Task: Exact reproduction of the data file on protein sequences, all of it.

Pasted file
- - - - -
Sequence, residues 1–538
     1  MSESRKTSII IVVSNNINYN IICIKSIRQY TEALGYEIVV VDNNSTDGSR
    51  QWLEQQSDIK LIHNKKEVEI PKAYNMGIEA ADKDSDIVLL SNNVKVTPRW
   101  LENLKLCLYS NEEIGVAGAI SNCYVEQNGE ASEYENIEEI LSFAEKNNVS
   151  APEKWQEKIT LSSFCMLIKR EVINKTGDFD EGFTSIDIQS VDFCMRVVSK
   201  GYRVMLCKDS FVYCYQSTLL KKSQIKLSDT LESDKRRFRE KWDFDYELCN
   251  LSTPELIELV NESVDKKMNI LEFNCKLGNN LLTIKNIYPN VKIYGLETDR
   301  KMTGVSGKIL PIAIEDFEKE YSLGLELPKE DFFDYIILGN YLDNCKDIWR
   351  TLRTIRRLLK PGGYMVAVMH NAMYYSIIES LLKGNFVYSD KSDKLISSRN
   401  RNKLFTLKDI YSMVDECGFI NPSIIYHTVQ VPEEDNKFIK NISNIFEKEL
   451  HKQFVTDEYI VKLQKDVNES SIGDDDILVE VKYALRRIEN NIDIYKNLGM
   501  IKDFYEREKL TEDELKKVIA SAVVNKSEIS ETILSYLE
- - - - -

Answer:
Sequence, residues 1–538
     1  MSESRKTSII IVVSNNINYN IICIKSIRQY TEALGYEIVV VDNNSTDGSR
    51  QWLEQQSDIK LIHNKKEVEI PKAYNMGIEA ADKDSDIVLL SNNVKVTPRW
   101  LENLKLCLYS NEEIGVAGAI SNCYVEQNGE ASEYENIEEI LSFAEKNNVS
   151  APEKWQEKIT LSSFCMLIKR EVINKTGDFD EGFTSIDIQS VDFCMRVVSK
   201  GYRVMLCKDS FVYCYQSTLL KKSQIKLSDT LESDKRRFRE KWDFDYELCN
   251  LSTPELIELV NESVDKKMNI LEFNCKLGNN LLTIKNIYPN VKIYGLETDR
   301  KMTGVSGKIL PIAIEDFEKE YSLGLELPKE DFFDYIILGN YLDNCKDIWR
   351  TLRTIRRLLK PGGYMVAVMH NAMYYSIIES LLKGNFVYSD KSDKLISSRN
   401  RNKLFTLKDI YSMVDECGFI NPSIIYHTVQ VPEEDNKFIK NISNIFEKEL
   451  HKQFVTDEYI VKLQKDVNES SIGDDDILVE VKYALRRIEN NIDIYKNLGM
   501  IKDFYEREKL TEDELKKVIA SAVVNKSEIS ETILSYLE